Many potential policies are thrown about by politicians, especially the endless numbers who are running for president. Like a malfunctioning automatic tennis ball machine, their proposed policies seem to be coming from everywhere all at once, making it difficult to keep up with who is proposing what policy change.
While some of the results may be well-meaning, some of the strategies proposed seem to be coming not just from left field, but from outer galaxies. Many proposals are not reasonable, functional or even workable. However, that doesn't stop the candidates from getting in front of the camera or on a stage and saying some of the most ridiculous things I have ever heard. Even more troubling, most of these people want to tell you and me what to do and how to live, but they don't follow their own rules or advice. In other words, they don't lead by example.
An example of this is environmental protection. I can promise you, no conservative American wants to breathe dirty air and drink polluted water. We are also reasonable enough to know that America cannot eliminate all cattle, poultry houses, pig farms, airplanes, gasoline-operated automobiles, coal, plastic and the myriad of other items in the world today. We understand the importance of being responsible and protecting our natural resources. However, many politicians yelling the loudest don't seem to understand that. They don't lead by example.
For many years, former Vice President Al Gore has preached about environmental protection. He has claimed we only have a few years before cities are underwater, everything is frozen over, and natural resources are gone. When the appointed time comes, the deadline gets extended another decade. As sure as the world turns, that pattern will continue. Yet with all his talk, Gore is a single man who lives in a mansion so large it has multiple air conditioning and heating units. He flies around the world giving these environmental speeches in a private jet, and has a fleet of SUVs escorting him to every function. He doesn't lead by example; he tells us one thing and does another.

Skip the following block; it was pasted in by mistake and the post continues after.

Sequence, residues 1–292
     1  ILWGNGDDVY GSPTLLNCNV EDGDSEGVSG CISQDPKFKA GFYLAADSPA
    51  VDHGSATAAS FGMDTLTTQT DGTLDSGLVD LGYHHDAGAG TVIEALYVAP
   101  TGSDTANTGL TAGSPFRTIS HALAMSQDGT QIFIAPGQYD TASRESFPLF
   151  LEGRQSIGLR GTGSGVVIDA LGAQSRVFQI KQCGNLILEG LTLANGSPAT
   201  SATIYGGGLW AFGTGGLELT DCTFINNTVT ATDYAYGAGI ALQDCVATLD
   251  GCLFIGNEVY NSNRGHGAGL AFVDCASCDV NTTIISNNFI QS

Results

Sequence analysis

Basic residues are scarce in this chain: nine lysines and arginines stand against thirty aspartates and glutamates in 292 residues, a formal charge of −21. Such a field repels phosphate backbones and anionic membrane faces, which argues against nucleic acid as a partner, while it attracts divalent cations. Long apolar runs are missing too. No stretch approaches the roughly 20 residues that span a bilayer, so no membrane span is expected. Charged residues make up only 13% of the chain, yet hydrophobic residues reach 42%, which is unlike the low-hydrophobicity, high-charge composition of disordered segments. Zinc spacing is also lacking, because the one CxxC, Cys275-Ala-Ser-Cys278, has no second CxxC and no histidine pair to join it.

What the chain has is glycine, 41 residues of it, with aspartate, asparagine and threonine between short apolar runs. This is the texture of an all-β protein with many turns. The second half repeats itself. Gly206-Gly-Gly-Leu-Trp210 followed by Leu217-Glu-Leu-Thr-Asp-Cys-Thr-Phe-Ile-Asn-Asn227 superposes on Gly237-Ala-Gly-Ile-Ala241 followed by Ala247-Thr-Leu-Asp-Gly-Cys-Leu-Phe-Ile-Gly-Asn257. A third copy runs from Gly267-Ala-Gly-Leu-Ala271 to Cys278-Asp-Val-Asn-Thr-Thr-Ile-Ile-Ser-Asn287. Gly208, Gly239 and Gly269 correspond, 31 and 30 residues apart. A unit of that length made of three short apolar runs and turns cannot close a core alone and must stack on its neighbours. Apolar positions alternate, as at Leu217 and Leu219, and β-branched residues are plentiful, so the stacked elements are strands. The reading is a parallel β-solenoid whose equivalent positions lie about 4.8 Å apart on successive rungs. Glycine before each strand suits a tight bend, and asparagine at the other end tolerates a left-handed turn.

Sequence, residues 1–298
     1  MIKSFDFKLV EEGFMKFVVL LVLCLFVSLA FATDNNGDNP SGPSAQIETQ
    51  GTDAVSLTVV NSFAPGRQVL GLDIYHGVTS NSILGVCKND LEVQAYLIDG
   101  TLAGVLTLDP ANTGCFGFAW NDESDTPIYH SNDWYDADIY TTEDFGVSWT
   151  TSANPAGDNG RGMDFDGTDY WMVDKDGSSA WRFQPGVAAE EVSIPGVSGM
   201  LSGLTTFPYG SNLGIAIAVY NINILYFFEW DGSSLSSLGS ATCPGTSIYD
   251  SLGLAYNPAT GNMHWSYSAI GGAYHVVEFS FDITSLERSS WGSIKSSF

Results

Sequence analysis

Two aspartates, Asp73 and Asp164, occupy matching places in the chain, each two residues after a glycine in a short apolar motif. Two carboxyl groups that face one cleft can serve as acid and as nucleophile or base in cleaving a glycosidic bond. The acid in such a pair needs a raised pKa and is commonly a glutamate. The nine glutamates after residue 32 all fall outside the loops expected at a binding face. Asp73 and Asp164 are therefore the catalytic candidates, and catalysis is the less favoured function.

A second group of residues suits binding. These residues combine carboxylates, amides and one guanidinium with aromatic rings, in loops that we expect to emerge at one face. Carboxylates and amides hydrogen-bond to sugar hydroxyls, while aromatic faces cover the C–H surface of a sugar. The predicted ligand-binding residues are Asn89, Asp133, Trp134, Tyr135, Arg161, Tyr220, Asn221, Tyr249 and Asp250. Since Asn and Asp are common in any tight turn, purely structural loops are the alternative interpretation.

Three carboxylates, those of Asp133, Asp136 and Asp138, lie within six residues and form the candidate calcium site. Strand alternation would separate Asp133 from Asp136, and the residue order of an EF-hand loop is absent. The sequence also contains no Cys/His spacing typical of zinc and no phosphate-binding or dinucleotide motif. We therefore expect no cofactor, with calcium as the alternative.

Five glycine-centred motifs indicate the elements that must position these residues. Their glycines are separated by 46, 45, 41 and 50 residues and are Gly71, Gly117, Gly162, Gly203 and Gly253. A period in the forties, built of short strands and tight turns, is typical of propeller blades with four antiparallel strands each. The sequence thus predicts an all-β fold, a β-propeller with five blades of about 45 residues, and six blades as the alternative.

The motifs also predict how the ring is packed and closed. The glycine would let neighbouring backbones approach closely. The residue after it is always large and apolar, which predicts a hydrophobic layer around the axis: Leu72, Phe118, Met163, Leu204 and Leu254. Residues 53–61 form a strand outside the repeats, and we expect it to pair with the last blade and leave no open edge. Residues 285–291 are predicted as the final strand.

The city leaders in San Francisco have a similar pattern. They have made a huge issue of banning plastic drinking straws. Really?
OK, so you have a city so full of homelessness and addicts there is trash, raw sewage and used drug needles all over the streets to the point it's no longer a good or even safe place to visit. Yet they are going to be concerned with a drinking straw to help save the environment. If they really cared about the environment, they would clean up their streets and stop worrying about a straw. Lead by example.
New York Sen. Chuck Schumer is another. He wants to ban firearms for law-abiding citizens, yet he has a very difficult-to-obtain concealed carry permit from the state of New York. Why? Because he is important and needs to protect himself. If he really thinks law-abiding citizens don't need a right to self-defense, he should lead by example and not have a permit or bodyguards provided at taxpayer expense.
Politicians are supposed to be our equals whom we send to Washington to represent us. They work for us. They are not over us, and they are not better than us. They are the employees of the American people. They should start acting like it and implement their ideas themselves first if they truly believe in those ideas. In other words, they need to start leading by example.
Randy Gibson is the CEO of RDG Communications Group, LLC, and the former director of the Tahlequah Area Chamber of Commerce and the Texas State Rifle Association.